By Matt Caputo
By Devon Maloney
By Chris Chafin
By Village Voice
By Katie Moulton
By Hilary Hughes
By Gili Malinsky
By Bob Ruggiero
Although five years have passed since Liz Phair blew in from nowhere, it's still a little embarrassing to remember how bowled over we all were. Not that Exile in Guyvillewasn't very nearly as superb as was believed--just that we had no way of understanding what it was, and wasn't. The most acclaimed record by a woman in two decades? Sex-positive feminism with its own rock and roll style? Crossover indie DIY by a scenester with a rep? All that. But rather than presaging a damn thing for women-in-rock or pleasure principles or alternative nation, Guyvillewas at once permanently sui generis and rather trad. And even if Phair had been as visionary as we hoped but never quite parsed out, her essence-of-cool wouldn't have come near to diverting the historical trajectory that soon remarginalized alternative beyond Tinùviel's fondest dreams even as it made art stars of such varied babes as Polly Jean Harvey, Courtney Love, Sleater-Kinney, Missy Elliott, and the eternal Sarah McLachlan.
A year later, impressively fast and also too fast, came Whip-Smart. By all reports more girlcentric and less sexplicit, it nevertheless starts off like a concept album about one-night stands (five tracks, three partners minimum) and devotes itself throughout to sleeping with guys and all it entails, beginning with pleasure and going on to love, pain, and--most remarkably--a sisterly concern for the fellas. That last would be "Shane," where for almost two minutes an outro/refrain warns her sleeping young bed partner "You've gotta have fear in your heart" in deadpan repetitions that provide all the music anyone will ever remember from that track. Audacious as it is, this trick typifies an album on which the mesh of sense and sound is only intermittently within Phair's grasp--an album studded with intelligent songs that don't quite come together. If the old demos on 1995's time-marking JuveniliaEP were no more satisfying, they were at least more promising, because at their best--namely, the joke diptych "California" and "South Dakota"--they went places never hinted by the more developed Whip-Smart,or anything else this side of Randy Newman on E.
And that was that. After two-and-a-half albums in two-and-a-half years, Liz Phair took her Pazz & Jop triumph, her cover of Rolling Stone, and her all too cult-sized following into two-and-a-half years of semiretirement--marrying her video-director boyfriend, bearing a child, and gestating the next album so slowly there were suspicions it would never see daylight. But it did, and while some who overrated Whip-Smartbecause they hoped it was Guyvillewill now underrate Whitechocolatespaceeggbecause they're afraid it's Whip-Smart, I say it's the light at the end of Phair's tunnel. Guyvillewas sui generis because it was a concept album about Phair's sexual dilemma, which like all accurately rendered sex lives was specific to her. Whitechocolatespaceegg isn't so irreducibly "personal." Her own child may be the title song's "baby"--"Purple, yellow, reddish brown/Once I felt you, I couldn't lay you down/Don't be shy, baby, don't be careful with me/Let it go, let it soak me down"--and may not. That's what's so great about it.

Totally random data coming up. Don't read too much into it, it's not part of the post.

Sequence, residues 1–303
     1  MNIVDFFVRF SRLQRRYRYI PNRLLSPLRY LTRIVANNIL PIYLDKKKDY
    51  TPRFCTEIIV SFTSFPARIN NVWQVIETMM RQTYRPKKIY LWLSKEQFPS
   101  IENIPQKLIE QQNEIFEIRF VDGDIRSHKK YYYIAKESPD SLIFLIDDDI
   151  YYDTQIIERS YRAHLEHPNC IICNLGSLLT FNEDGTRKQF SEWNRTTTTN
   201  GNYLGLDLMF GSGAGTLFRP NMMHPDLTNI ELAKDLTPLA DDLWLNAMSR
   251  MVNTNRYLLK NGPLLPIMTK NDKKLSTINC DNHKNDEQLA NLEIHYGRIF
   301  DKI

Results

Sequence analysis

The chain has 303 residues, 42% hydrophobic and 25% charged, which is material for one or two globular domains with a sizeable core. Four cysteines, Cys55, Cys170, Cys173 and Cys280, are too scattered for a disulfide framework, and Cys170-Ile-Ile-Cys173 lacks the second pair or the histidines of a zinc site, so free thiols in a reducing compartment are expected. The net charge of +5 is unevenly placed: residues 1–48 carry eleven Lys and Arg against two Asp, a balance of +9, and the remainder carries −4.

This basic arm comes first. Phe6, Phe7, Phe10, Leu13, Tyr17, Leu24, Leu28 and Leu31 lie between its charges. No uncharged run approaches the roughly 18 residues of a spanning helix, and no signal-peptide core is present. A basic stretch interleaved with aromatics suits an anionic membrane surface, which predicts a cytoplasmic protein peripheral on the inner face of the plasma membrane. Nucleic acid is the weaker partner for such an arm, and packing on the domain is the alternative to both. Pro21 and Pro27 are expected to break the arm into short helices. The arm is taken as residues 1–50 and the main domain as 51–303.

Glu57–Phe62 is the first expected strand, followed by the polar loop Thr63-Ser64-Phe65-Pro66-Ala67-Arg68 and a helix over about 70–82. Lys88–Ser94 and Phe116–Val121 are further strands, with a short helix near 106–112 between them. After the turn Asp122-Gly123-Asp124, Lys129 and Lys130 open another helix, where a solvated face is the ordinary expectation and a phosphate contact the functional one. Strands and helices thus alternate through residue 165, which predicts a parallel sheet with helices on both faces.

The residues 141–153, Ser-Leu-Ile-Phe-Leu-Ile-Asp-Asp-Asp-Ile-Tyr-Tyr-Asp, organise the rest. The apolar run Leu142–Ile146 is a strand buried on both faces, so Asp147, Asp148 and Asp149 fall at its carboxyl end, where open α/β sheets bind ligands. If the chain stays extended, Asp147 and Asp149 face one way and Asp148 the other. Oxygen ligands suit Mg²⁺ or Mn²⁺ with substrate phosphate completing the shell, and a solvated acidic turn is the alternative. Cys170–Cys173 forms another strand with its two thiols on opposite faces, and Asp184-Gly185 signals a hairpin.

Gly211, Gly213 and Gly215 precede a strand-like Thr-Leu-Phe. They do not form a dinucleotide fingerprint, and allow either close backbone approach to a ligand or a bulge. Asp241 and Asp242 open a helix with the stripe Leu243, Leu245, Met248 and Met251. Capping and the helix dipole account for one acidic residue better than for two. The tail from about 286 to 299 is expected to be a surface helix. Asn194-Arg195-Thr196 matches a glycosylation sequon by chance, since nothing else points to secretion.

To assume Phair's sex lyrics were strictly autobiographical was always to forget how songwriters of her caliber work--projecting, fictionalizing, stealing other people's stories, making stuff up out of whole cloth. This truism comes much clearer on Whitechocolatespaceegg. Two of the most striking tales on the album posit female voices that can't be Phair's (can they?): one a teenager accruing identity in the girls room, the other an experienced wayfarer reassuring her mom that her new man is the right man, ex-wife and all. Both are sisterly in the feminist sense--tender, honest, fed up with the men they can't live without. Three other tracks are sung in the first person by protagonists we're certain are male, including one who serves up the sexiest song on the album in tribute to the gal who blows his horn. And though most of us can happily live without these guys, Phair's tone is friendly, curious, bemused. How could we never have noticed how detached she is? Above all, it's this detachment that makes it seem possible that the self-inflated Uncle Alvarez isn't her relative, that Henry the bartender is a composite or even a figment.
And although it's just as likely that both are drawn from life, as we can't help but assume of the naked report from a marriage in trouble in the impossible year after childbirth, the upshot is that Phair has escaped the confessional expectations of her calling. She still writes as knowledgeably about sex as anybody, Courtney and Polly Jean and even Madonna included, but record geeks will be hard-pressed to keep thinking of her as their blowjob queen, much less imagine they can make her feel as "strangely good" as "Johnny Feelgood,"if that's really her feeling good. There's enough impolite sex in these songs--lovers who turn you on by knocking you down enjoy low public-approval ratings these days--and some scenester remnants too. But from the mother-knot mists of "White Chocolate Space Egg" to the mordant family gossip of "Uncle Alvarez" to the hard-nosed fuck-you of "Shitloads of Money," this is not an indie babe's album, or a blowjob queen's either. It's the work of a songwriter testing her capacity for fictional scenarios, of an upper-middle-class artist who's well past worrying why she fucks and runs--in public, at least.